Welcome to part two of our series on ghosting in staffing and recruiting. For those who missed part one, where we drilled down on the causes of candidate and recruiter ghosting, you can check it out here.
Having worked to understand the problem, it’s time to move on to the possible solutions. And we’ll begin, as is tradition in any game of relationships, with communication.
Clear, honest, open, and transparent communication with your candidates is your number one weapon against ghosting. According to Indeed, 63% of employers believe that better communication can help reduce ghosting, while jobseekers name communication problems as one of the biggest reasons why they ghost recruiters.
“Stopping ghosting comes down to expectations, process, and mutual responsibility,” declares Maggie Williams, Associate VP of Operations at AREVO Group. “We're not here to get a body to the customer, and if your team thinks like that, it shows that there’s something wrong with your structure, processes, and organization as a whole.”
Seeing the candidate as a human, not a number, will help to drive communication. An organization should create communication expectations for recruiters, and ensure that they are crystal clear, as internal transparency with recruiters will lead to external transparency with candidates. Clear communication KPIs should be developed by asking yourself questions like:
Communication is a two-way street - the candidate needs to play their part too. But there are things that a recruiter can do to encourage more open conversation.
Candidates can tell when you’re treating them like a number or trying to tick some boxes. It becomes a different conversation altogether if the candidate feels as though you're there to help and support them. Trade conversations about pay rate, commute, and qualifications, for conversations about their passions, needs, and desires. This not only helps you find a more appropriate opportunity for the candidate - one that won’t end in you being ghosted - it’s also a better experience for a recruiter because it humanizes the work. You go from ticking boxes to fulfilling dreams.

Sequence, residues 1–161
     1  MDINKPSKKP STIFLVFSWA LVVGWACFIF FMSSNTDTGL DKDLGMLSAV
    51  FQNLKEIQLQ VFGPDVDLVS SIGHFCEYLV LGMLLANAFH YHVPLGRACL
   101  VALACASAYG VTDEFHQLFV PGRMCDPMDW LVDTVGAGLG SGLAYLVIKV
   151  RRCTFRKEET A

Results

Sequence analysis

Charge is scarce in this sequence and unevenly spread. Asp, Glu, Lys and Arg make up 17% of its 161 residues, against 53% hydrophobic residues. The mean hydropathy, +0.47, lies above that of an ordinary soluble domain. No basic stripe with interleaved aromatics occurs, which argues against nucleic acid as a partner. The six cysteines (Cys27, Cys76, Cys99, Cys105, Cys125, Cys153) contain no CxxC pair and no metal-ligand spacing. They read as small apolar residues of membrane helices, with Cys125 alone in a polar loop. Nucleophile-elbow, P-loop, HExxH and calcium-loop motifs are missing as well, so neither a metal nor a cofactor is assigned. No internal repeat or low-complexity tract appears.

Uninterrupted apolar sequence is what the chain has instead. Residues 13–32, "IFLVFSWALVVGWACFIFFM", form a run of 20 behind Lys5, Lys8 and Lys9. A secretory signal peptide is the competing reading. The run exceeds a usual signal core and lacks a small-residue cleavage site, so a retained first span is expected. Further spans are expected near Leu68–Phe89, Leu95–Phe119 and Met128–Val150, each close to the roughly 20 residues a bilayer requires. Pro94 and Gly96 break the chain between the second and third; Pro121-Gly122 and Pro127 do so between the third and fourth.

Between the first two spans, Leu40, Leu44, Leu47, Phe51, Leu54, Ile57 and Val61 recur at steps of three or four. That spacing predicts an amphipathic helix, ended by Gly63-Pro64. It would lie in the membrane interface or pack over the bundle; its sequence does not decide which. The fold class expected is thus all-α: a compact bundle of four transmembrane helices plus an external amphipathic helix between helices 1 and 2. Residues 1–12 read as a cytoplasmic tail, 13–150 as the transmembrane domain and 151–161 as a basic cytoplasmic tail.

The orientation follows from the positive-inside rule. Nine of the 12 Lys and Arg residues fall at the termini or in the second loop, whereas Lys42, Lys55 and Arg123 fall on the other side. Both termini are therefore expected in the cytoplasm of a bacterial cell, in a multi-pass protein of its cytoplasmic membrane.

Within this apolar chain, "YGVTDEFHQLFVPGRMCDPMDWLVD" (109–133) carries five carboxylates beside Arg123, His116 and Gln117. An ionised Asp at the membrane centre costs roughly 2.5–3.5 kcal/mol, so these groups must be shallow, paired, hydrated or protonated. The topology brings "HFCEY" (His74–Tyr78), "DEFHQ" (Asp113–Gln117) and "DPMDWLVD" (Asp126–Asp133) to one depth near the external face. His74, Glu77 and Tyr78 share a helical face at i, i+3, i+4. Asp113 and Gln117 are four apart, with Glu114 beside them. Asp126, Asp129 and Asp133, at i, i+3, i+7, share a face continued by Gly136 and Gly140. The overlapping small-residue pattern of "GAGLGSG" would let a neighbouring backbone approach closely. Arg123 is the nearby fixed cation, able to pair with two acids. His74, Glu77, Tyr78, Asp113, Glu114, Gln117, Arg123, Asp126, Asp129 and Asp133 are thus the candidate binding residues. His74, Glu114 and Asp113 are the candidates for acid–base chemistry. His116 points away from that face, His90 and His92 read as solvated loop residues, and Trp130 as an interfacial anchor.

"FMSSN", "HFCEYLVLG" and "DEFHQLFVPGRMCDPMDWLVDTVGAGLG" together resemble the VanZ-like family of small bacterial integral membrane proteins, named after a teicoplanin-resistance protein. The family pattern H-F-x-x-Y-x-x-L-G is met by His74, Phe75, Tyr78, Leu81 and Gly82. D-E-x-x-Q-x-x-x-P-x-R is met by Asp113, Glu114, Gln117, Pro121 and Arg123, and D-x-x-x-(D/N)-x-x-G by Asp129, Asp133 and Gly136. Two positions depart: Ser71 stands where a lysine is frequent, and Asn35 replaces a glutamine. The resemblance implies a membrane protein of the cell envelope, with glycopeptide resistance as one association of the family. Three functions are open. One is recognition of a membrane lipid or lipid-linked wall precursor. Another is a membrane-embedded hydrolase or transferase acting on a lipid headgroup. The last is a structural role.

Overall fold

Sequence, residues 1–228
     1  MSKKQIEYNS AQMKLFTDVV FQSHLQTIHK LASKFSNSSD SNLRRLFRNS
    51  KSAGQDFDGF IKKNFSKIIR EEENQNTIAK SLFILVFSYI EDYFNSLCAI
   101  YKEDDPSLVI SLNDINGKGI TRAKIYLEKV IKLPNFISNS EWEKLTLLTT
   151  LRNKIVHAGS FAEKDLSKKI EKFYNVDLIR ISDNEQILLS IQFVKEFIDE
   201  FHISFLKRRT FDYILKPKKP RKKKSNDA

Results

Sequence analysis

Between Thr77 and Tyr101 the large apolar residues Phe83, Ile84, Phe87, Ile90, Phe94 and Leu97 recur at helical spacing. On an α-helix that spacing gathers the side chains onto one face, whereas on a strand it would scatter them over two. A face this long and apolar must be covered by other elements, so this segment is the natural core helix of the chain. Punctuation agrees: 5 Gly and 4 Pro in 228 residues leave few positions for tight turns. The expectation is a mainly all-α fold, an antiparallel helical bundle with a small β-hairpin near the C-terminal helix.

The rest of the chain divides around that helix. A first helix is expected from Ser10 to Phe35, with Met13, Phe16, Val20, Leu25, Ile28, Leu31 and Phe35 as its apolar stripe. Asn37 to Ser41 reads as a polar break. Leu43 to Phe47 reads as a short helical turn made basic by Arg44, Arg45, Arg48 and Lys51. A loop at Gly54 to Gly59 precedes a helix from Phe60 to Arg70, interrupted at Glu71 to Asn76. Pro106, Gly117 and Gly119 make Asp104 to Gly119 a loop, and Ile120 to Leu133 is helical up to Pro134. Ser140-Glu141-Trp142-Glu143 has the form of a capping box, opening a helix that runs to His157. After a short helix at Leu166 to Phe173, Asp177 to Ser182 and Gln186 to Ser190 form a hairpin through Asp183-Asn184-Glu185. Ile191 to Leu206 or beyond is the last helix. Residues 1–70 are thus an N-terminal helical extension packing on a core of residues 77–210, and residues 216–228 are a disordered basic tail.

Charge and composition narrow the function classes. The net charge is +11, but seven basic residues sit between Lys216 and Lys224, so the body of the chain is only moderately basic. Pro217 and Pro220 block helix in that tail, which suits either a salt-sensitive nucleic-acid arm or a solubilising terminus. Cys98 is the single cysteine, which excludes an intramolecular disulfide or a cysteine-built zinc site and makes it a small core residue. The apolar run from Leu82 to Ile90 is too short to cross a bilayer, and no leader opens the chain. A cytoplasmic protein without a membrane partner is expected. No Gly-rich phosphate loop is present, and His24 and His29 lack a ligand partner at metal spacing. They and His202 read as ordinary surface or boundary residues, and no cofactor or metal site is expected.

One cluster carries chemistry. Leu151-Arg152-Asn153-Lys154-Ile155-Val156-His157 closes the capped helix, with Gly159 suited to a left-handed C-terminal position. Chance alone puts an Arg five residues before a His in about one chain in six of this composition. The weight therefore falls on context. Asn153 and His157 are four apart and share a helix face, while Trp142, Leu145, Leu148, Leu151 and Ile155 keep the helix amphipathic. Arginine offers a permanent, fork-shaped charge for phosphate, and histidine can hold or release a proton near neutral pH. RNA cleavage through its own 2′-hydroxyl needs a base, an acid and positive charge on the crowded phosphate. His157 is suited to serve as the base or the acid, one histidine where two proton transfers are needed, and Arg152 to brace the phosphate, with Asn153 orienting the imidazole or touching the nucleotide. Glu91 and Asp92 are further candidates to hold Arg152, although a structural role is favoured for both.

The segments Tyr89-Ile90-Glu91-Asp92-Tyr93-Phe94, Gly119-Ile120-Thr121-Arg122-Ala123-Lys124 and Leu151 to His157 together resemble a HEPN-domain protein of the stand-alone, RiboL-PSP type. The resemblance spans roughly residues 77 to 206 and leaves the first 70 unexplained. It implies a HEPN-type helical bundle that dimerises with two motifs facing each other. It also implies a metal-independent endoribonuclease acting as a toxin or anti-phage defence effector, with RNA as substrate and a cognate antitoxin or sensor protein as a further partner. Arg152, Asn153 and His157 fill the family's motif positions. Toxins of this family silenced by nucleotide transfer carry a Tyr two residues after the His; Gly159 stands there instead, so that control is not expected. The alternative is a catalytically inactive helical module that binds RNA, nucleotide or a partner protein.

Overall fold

If you make it clear that you’re there to help the candidate meet their goals, they’ll be less hesitant to share the fact that they took another role, or that they feel a certain job isn’t right for them.
Creating such an open and honest relationship can be surprisingly simple. Call a candidate after an interview and ask how they felt about it; try to gauge their interest so you’re not blindsided. Make it clear that if they change their mind or lose interest in a role, that’s absolutely fine, as long as they let you know. In fact, by keeping you in the loop, they could soon be offered a more attractive opportunity.
Open communication is built on a foundation of trust. And building that trust is about following through. When you say you’ll send a resume to a client, send it, then confirm that it’s submitted with the candidate. Give them a timeframe for the next step in the process, and if you or your client is struggling to meet it, let them know.
It might be as simple as an email saying ‘this particular hiring manager is really busy, she usually only gets back to me after two or three business days. If you don't hear from me in the next couple of days, don’t worry, I’ll be in touch by [this day].’
Familiarity also breeds trust. Just as there’s value in treating candidates as humans, there’s also value in showing yourself to be human. “I'm more likely to ghost someone if I don’t know who they are, if I don't have trust in them or a relationship with them, and if I’ve only ever emailed or texted them,” says Williams. “Recruiters should talk to candidates on the phone, over Zoom, or in-person where possible.”
Ghosting can be greatly reduced by being smart with job posts. By creating more targeted posts, you’ll focus your efforts on the most relevant candidates, doing away with the rest.